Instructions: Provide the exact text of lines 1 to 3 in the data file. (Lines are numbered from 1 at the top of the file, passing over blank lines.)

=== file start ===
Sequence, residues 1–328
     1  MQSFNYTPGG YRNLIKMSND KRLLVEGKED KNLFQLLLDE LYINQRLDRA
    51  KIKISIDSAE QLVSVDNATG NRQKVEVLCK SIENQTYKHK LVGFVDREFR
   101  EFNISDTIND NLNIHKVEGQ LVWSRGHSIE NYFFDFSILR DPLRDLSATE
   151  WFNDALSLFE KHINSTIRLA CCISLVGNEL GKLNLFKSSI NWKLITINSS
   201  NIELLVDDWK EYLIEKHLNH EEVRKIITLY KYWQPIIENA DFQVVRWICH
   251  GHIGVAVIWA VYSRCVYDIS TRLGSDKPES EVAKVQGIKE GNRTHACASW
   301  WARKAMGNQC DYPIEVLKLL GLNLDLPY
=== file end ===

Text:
Sequence, residues 1–328
     1  MQSFNYTPGG YRNLIKMSND KRLLVEGKED KNLFQLLLDE LYINQRLDRA
    51  KIKISIDSAE QLVSVDNATG NRQKVEVLCK SIENQTYKHK LVGFVDREFR